Ian Pumphrey, who was acquitted of the allegation that he was talking on his cellphone while driving, was in the Yukon Court of Appeal this week where an Appellate Court Judge ruled that he was indeed guilty of using a mobile device while driving.
In the Yukon Supreme Court, Pumphrey successfully argued that because his cellphone was wedged between his ear and shoulder, he technically was using his device “hands free”. The Crown appealed the decision of the Supreme Court Judge, and, when the case was heard in the Yukon Court of Appeal earlier this week, a Judge agreed with the Crown and found Mr. Pumphrey guilty.
The Judge stated that the Supreme Court Judge had erred when he ruled that he had no jurisdiction to interpret the ambiguous language of the Motor Vehicle Act. The Appellate Court Judge advised that it is the Courts duty to interpret language where it is unclear. He went on to say that in his interpretation, hands-free means “use without being held by the operator in any fashion”. He imposed a suspended sentence and one day of probation on Pumphrey. He also advised that he had wished to grant Mr. Pumphrey an absolute discharge, due to the work he had done in representing himself, but declared that he did not have the jurisdiction to impose such a sentence.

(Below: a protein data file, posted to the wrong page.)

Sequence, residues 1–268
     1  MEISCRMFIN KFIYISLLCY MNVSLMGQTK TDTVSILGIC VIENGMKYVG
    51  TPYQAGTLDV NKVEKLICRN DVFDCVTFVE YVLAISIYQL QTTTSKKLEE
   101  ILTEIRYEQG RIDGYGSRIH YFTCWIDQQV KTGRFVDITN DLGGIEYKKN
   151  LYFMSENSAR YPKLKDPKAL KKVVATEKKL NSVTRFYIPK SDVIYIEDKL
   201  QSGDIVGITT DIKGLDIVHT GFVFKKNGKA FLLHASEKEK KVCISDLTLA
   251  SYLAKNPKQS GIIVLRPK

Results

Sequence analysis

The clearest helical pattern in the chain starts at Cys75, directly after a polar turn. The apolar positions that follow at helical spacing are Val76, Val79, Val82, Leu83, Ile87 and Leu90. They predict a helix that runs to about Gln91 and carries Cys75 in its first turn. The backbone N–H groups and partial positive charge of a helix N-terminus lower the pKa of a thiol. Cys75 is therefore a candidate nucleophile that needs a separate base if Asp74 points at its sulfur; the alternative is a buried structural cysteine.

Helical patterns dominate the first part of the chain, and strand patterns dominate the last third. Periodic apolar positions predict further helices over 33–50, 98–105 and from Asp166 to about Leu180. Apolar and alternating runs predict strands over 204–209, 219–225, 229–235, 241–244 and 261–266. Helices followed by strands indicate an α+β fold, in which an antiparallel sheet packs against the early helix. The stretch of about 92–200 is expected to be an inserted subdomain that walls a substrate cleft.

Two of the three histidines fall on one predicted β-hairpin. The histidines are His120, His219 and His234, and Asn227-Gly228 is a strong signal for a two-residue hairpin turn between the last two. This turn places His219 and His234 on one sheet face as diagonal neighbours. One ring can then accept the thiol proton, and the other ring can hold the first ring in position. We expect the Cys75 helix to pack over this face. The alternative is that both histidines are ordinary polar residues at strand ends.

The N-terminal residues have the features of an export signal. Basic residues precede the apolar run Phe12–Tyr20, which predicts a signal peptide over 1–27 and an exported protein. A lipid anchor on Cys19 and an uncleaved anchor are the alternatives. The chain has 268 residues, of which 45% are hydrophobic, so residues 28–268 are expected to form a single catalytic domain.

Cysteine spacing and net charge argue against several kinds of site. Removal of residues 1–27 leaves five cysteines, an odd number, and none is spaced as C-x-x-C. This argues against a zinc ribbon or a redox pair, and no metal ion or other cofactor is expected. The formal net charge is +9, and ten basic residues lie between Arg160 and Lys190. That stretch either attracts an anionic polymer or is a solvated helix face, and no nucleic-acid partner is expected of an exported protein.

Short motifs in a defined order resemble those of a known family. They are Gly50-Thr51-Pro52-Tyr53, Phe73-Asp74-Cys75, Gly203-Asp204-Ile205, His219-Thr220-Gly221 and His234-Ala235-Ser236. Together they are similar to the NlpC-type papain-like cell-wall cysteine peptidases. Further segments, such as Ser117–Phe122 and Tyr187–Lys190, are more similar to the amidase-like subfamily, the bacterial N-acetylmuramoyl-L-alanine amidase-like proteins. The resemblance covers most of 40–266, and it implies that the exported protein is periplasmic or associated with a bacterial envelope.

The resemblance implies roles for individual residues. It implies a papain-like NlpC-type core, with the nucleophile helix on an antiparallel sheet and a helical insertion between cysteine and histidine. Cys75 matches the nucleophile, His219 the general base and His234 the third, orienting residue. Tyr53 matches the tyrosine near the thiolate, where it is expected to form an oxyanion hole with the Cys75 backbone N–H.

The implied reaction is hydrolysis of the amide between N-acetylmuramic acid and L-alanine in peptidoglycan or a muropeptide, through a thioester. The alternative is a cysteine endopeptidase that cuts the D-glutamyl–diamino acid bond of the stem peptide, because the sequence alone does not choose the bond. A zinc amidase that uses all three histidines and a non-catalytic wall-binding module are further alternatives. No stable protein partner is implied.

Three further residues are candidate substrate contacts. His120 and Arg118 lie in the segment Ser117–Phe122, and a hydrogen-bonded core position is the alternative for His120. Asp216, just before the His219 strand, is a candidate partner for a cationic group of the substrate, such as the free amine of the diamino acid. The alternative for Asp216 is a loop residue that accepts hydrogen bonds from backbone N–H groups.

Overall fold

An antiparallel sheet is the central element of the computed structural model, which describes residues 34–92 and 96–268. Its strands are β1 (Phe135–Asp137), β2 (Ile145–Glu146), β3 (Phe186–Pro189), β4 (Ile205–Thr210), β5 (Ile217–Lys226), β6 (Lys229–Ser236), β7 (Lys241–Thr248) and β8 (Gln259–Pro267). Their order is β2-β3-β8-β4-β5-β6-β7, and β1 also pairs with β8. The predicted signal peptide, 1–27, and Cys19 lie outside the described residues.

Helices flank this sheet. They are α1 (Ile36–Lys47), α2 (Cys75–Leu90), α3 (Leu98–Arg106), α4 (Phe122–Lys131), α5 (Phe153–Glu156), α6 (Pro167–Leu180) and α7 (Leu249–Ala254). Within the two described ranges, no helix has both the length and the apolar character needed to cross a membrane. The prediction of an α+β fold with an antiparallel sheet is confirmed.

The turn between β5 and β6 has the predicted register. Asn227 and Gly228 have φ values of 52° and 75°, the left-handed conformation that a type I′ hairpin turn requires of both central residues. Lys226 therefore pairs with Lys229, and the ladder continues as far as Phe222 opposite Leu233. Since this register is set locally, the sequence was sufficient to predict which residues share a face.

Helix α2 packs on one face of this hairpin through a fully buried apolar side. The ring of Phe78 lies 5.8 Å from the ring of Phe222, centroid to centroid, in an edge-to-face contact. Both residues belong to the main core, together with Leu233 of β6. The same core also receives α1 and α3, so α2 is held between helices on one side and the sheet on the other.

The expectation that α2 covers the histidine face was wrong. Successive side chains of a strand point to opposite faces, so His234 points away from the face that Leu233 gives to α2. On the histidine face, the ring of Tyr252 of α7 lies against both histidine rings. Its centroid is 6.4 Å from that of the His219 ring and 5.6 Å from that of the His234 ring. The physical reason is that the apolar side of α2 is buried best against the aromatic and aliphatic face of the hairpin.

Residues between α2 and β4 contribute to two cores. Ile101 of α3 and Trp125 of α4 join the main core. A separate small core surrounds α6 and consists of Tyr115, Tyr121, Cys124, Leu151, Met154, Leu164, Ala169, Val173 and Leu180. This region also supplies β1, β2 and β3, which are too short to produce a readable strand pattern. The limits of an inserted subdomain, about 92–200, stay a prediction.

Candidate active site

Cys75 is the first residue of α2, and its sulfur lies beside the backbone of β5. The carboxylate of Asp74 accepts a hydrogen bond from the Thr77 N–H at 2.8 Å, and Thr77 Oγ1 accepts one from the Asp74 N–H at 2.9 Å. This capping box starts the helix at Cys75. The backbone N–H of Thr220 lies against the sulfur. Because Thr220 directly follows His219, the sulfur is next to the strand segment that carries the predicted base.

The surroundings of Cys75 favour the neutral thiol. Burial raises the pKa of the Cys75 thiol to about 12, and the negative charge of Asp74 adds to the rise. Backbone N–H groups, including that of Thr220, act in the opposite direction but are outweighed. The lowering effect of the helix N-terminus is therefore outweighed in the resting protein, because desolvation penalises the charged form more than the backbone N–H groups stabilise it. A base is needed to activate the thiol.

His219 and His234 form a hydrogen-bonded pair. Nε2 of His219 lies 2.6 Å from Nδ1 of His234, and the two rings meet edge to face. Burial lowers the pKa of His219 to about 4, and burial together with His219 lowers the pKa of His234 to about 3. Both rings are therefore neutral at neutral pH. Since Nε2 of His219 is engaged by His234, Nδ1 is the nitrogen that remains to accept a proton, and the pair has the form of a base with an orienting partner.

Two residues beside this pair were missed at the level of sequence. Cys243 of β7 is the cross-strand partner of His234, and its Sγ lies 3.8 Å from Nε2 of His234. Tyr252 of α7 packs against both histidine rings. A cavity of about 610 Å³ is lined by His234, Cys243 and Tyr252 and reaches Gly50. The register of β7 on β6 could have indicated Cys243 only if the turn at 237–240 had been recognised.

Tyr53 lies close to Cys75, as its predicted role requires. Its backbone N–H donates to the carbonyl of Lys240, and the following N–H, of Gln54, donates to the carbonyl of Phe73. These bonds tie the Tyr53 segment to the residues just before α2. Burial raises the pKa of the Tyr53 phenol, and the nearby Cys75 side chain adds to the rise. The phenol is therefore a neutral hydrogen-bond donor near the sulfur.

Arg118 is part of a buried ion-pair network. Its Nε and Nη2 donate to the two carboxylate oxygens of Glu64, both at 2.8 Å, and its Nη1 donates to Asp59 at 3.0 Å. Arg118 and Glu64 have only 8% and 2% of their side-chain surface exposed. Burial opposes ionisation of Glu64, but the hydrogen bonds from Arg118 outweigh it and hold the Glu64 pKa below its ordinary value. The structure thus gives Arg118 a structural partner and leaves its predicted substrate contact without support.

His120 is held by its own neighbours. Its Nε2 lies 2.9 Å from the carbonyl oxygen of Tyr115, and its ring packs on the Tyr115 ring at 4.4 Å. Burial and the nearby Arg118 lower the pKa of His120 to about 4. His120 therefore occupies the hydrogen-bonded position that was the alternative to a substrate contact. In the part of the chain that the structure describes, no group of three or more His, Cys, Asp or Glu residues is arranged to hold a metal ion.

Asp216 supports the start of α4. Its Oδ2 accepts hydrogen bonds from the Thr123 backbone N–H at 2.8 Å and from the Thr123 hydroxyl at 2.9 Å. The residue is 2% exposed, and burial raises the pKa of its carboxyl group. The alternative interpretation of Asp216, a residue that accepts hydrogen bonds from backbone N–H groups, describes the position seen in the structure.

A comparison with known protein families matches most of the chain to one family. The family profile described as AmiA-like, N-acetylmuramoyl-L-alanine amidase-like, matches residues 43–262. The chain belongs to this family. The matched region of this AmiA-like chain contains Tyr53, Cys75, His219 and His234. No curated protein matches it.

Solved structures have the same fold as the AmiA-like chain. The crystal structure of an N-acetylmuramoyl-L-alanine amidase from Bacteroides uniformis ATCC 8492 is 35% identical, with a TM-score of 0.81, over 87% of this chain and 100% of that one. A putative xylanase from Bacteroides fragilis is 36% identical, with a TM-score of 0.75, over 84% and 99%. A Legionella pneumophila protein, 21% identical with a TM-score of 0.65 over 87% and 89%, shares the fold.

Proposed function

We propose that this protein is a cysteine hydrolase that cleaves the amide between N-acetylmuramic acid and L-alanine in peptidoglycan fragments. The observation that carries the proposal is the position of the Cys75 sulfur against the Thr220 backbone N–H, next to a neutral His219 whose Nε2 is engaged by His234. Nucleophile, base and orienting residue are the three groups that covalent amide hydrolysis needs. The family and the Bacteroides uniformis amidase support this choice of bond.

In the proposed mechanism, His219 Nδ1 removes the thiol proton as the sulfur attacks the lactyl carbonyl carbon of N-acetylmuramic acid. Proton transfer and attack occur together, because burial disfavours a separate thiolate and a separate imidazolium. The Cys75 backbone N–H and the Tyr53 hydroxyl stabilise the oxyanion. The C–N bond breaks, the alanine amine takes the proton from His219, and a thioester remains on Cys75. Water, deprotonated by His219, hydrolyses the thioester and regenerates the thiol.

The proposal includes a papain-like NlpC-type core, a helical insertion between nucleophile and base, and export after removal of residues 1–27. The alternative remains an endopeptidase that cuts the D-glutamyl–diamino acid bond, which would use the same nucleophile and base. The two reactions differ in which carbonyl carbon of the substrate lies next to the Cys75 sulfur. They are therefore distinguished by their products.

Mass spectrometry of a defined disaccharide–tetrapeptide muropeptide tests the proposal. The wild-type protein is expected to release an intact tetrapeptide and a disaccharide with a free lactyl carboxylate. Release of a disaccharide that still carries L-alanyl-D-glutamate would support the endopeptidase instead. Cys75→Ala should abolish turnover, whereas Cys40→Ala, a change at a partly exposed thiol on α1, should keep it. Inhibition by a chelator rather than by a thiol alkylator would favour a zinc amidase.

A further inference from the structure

Bottom line: If you have to take that call, just pull over.